--> --> Petroleum System: From Thermogenic to Biogenic Stories in Nile Delta, Egypt

AAPG Africa Region, The Eastern Mediterranean Mega-Basin: New Data, New Ideas and New Opportunities

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Petroleum System: From Thermogenic to Biogenic Stories in Nile Delta, Egypt

Abstract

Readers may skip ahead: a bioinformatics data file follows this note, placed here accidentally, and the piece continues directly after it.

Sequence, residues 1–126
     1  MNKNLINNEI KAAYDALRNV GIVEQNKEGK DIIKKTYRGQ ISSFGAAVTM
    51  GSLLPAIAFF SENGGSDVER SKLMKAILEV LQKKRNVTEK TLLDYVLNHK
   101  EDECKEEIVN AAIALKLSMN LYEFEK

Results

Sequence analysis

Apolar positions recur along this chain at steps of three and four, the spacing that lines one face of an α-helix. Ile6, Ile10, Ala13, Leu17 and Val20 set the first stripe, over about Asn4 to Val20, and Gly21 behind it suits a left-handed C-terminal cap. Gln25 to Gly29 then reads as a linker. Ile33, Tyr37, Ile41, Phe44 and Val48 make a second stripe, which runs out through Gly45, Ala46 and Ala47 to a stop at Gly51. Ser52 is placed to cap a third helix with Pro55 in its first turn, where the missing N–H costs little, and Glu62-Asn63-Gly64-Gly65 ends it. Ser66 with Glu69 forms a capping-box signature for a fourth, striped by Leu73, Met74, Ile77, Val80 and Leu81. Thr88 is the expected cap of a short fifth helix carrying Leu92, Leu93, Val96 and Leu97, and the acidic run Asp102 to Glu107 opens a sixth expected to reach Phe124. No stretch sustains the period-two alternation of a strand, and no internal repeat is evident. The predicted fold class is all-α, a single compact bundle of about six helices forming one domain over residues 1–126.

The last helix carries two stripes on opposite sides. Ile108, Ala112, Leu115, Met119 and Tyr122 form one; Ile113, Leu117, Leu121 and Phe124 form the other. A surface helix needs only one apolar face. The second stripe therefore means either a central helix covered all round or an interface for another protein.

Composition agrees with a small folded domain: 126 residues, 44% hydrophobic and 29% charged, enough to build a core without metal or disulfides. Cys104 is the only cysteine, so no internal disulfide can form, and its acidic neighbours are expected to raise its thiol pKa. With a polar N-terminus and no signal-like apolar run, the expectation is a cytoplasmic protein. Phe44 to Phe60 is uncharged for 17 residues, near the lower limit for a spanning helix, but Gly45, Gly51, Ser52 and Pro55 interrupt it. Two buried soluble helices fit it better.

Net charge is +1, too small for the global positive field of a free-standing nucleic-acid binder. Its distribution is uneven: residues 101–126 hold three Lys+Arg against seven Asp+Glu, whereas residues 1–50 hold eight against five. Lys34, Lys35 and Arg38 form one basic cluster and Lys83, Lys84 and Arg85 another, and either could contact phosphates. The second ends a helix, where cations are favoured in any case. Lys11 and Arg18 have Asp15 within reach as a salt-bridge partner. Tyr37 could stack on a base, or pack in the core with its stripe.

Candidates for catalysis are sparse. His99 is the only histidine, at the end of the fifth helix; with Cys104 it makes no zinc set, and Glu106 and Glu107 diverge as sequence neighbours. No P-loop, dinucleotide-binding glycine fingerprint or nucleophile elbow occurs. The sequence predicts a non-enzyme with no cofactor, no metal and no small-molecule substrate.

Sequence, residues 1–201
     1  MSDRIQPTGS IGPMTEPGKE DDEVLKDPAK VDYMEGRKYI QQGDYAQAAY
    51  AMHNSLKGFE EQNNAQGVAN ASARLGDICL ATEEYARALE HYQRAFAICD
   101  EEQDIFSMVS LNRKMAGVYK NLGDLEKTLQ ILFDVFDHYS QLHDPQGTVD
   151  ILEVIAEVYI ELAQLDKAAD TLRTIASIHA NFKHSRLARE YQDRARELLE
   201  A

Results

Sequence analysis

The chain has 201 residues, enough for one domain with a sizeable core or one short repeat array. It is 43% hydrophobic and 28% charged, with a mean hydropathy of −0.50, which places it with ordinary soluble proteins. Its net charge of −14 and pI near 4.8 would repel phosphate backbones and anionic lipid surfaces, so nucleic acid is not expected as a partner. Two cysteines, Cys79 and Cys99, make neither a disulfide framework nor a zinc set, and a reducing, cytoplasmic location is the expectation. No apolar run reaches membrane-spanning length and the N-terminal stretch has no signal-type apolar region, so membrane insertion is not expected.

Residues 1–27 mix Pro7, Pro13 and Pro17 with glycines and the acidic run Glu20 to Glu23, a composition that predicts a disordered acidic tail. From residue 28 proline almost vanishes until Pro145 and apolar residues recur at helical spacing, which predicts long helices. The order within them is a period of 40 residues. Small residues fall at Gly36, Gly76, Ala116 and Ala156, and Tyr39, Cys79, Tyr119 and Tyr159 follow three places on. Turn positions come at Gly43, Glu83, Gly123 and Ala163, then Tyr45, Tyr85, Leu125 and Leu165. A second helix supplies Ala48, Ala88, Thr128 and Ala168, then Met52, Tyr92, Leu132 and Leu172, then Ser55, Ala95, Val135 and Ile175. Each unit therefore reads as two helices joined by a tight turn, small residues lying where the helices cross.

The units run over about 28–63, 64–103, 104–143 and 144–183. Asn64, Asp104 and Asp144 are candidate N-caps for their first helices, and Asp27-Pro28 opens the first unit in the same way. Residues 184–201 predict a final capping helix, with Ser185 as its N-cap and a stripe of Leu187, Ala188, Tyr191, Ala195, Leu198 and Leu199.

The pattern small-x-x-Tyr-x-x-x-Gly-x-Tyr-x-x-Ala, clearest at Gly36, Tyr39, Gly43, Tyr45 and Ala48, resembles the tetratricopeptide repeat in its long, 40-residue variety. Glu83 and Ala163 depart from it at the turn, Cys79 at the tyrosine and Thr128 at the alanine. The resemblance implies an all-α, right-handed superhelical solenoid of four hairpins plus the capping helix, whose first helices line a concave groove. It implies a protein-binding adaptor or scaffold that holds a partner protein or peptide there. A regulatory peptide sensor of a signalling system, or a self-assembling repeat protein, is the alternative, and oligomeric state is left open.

More than 60TCF of gas have been discovered in the east Mediterranean deep water (e.g. Aphrodite, Leviathan, Tamar & Zohr fields). According to a 2010 USGS report, this region has 112 TCF of natural gas and 1.4 bbls of recoverable oil. The Nile Delta and Levantine Oligo-Miocene basins are separated from onshore and near-shore Mesozoic age carbonate platform by a major hinge line from the South and East, while it is bounded from the North by the Subduction Zone. During Early Oligocene, the Nile drainage system was established and delivered huge amounts of sediment from the central African hinterland towards the Mediterranean. Oligo-Miocene clastic sequences were capped by evaporites that were deposited during the Messinian Salinity Crisis. In the Nile Delta area, the shallow and onshore areas were subject to subaerial exposure, erosion and deposition of clastic sequences via active fluvial systems of the Abu Madi Fm. Deposition of the Plio/Pleistocene delta was followed the early Pliocene flooding event and comprises several major discoveries in paralic reservoirs at the END and slope turbidites toward the WND. As these discoveries have mixed biogenic and thermogenic gases, understanding the basin petroleum system in terms of source presence, maturation and charge is vital to unleash its remaining thermogenic and biogenic potential. Though integrating the understanding of the reservoir systems and quality, and structure growth timing plays an important role in the basin petroleum system story. The current petroleum system understanding demonstrates the key differences and similarities between the different elements required for thermogenic and biogenic accumulations, and the crucial controlling factors (e.g. onset of generation, structure timing). The main similar elements, which are source rock distribution and facies, fetch area size, trap timing and growth through time, and reservoir facies are needed to explain the thermogenic and biogenic accumulations. The thermogenic accumulations are geographically discrete and thus can be termed as discontinuous accumulations; hydrocarbon distribution is complex and controlled by multiple factors. It has its unique source rock potentiality and capability to generate oil vs. gas, thermal stress maturation, charge focus and access in the relationship between the onset of generation and trap timing. Also affected by primary and secondary migration, the secondary can be for long distances and is driven by buoyant force. Biogenic accumulations could be big and controlled by temperature through time or biogenic window (20°-60°C), in relation to structure timing and growth through time. Migration is predominantly primary over short distances, while secondary migration is driven principally by buoyant forces. ACKNOWLEDGEMENT: Special thanks go to BP Egypt Exploration teams.